#18 One prominent economist is projecting that the Chinese economy will be three times largerthan the U.S. economy by the year 2040.
#19 The U.S. Census Bureau says that 43.6 million Americans are now living in poverty and according to them that is the highest number of poor Americans in the 51 years that records have been kept.

We Like to Bike...Even More Now.

Thank you TreeHugger (which should be read regularly) for this news. Let's do this everywhere. We'll have to sooner or later...why not sooner?: 

London's Bike Superhighways Bring 70% Increase in Cycling

by Brian Merchant, Brooklyn, New York  on 01.14.11
Image: Rudi
In other words, London's bike superhighways are incredibly successful, as the front-page GOOD story remarks. According to the findings in study by Transport for London, there were 70% more cyclists out on the streets of London in October of 2010 than there were the previous year.
GOOD has more:
that means that the number of bikers on the streets pre-superhighways was 70 percent lower than it is now that the superhighways have been installed. That's some effective bike promotion, if I've ever seen it ... Will other cities see this information and start doing more for bike lane planning than simply laying them on the side of the street?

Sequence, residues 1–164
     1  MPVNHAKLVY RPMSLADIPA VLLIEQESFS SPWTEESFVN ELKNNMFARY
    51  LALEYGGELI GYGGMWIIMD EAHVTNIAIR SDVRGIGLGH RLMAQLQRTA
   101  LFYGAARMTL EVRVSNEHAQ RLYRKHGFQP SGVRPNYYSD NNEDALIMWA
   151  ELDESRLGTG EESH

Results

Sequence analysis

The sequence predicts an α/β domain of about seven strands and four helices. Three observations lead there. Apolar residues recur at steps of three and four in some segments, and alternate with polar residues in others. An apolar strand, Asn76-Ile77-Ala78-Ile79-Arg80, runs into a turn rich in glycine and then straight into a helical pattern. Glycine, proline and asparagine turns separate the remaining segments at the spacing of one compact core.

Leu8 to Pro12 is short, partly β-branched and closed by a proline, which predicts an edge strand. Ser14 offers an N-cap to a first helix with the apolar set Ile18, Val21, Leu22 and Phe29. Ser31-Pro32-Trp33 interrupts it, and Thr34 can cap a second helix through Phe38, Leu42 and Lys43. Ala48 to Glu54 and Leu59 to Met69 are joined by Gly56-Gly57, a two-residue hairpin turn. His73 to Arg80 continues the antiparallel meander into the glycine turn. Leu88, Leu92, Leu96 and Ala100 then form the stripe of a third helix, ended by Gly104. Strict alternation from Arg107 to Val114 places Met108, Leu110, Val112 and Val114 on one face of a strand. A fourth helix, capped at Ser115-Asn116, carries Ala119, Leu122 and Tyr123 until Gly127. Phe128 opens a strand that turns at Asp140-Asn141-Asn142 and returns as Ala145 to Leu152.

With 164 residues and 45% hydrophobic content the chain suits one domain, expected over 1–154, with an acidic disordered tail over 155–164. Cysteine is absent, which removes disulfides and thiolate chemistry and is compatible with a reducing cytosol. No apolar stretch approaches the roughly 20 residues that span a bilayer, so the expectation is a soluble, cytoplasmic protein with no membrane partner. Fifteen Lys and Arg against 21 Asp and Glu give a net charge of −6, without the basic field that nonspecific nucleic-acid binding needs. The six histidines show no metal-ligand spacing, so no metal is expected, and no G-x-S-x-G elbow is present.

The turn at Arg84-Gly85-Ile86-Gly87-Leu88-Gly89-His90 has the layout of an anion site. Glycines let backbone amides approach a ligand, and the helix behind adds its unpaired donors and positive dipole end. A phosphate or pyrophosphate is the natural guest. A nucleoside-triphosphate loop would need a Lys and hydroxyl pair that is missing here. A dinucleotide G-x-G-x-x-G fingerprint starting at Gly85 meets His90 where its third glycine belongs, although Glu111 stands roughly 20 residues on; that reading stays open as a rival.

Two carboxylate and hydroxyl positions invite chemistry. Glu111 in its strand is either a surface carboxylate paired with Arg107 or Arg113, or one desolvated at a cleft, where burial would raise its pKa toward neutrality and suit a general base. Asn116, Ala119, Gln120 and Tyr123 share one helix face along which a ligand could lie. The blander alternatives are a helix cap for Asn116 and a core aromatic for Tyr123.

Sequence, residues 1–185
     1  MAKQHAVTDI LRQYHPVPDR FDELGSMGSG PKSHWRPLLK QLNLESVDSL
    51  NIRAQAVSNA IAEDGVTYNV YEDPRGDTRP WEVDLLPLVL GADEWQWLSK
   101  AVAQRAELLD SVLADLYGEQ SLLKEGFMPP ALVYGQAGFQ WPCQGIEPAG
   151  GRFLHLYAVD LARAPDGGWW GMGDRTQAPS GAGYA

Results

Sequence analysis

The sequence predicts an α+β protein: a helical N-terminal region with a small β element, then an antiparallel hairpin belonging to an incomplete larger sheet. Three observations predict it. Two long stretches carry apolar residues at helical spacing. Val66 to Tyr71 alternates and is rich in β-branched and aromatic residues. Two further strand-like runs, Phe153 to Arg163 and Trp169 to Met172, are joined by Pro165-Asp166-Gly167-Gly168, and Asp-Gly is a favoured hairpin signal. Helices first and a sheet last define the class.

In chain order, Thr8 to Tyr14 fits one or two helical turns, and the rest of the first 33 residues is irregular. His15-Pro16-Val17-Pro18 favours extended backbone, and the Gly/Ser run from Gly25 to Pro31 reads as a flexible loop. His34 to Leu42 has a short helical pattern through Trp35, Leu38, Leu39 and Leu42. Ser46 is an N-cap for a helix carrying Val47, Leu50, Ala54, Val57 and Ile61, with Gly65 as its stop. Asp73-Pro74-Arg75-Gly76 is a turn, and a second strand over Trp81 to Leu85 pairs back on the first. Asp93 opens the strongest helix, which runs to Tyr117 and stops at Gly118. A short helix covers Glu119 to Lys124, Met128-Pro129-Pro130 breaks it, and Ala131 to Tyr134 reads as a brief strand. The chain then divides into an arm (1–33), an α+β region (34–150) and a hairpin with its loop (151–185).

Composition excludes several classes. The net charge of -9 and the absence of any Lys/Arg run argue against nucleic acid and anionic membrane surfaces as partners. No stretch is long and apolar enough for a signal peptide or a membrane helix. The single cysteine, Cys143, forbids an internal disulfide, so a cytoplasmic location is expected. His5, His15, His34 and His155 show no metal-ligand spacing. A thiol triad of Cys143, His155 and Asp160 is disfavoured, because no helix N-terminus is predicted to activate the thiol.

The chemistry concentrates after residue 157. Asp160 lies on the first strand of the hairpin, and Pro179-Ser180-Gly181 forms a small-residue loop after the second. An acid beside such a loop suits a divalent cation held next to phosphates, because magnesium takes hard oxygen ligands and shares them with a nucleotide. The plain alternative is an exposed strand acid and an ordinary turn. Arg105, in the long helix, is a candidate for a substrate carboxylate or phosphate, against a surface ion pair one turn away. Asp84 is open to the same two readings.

That's right -- bike use everywhere jumped, not just on the superhighways. The safe, elegant lanes evidently inspired more folks to dust off their old ten-speeds and hit the roads.
It should also be pointed out that the spike in cycling also coincides with London's bike-share program, which we've written about at length here on TreeHugger.
This development is fantastic -- people want to ride bikes in cities. It's cheap, efficient, and fun. But most of the time, it's terrifying. It's why I don't ride a bike in New York -- no way I'm heading into Manhattan traffic during rush hour. New York is also making strides in its bike lanes, too, however. If they work as well as London's, that's all it will take -- count me in.

How to Boil a Frog - Meet the Filmmaker